December 2007 News

Keeping hawks at bay, Hurriyat trying for a makeover

11 December 2007
The Indian Express
Riyaz Wani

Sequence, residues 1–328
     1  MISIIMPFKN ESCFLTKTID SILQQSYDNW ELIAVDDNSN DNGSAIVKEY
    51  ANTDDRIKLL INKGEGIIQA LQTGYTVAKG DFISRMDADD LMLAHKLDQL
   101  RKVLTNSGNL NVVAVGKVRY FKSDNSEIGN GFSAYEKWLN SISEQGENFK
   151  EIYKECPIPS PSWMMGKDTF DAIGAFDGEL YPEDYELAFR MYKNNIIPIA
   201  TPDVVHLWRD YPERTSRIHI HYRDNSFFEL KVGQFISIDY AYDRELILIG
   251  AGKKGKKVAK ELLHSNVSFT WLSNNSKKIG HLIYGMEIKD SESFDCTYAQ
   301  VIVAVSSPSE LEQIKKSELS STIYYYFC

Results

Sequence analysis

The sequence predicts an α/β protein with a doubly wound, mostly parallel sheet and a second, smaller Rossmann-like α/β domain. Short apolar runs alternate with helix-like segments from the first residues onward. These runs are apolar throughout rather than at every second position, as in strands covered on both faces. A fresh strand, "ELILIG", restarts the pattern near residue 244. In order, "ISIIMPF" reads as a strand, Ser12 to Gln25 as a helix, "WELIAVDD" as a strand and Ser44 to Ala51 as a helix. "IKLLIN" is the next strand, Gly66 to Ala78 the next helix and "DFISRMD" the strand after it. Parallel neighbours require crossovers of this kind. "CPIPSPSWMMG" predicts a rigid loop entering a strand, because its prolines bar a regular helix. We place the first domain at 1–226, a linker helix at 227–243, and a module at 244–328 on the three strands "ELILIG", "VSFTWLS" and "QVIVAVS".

Srinagar:  The All Parties Hurriyat Conference, which has never modelled itself on the lines of a political party in J&K, is trying to build a mass base for the first time in the Valley since its inception in 1993. With the state poised for Assembly elections anytime in 2008, the moderate faction of the secessionist group is planning to establish several offices in districts and appoint ground level workers to be in touch with the masses. The Hurriyat, an amalgamation of various social, political and religious organisations in the Valley, is also trying to become a leaner grouping by reducing the number of constituent units. With the breakaway faction of Hurriyat led by Syed Geelani keeping aloof, the doves have started holding delegate sessions across the Valley in a conscious “effort to connect with the grassroots”. “I think the Hurriyat now needs to go directly to the people, know their feelings and respond to them,” its chairman Mirwaiz Umar Farooq told The Indian Express. With this in mind, Mirwaiz is also planning a complete overhaul of its organisational structure. He has already asked some “two men parties” to merge into bigger ones. “This is necessary to make Hurriyat better equipped to deal with the new political challenges,” he said. The new strategy has come as a radical departure from the Hurriyat’s approach to mass politics in the state. Despite its claim of being in the vanguard of the ‘Azadi’ campaign, it has never made any effort to become a mass- based political party in the state. Hurriyat, according to its former chairman and executive member Abdul Ghani Bhat, represents “the anger, alienation and the separatist sentiment of Kashmiris”. Such a stand takes people’s support for granted and makes Hurriyat, in absolute terms, a kind of “spiritual representative” of the “ongoing struggle.” Hence the conglomerate expects a “resurgent public wave” in its favour if its mass base is put to test. But Hurriyat leaders believe that the elections should be for the resolution of Kashmir issue. However, it is also bracing for an eventuality in which polls become a part of the process for the resolution.


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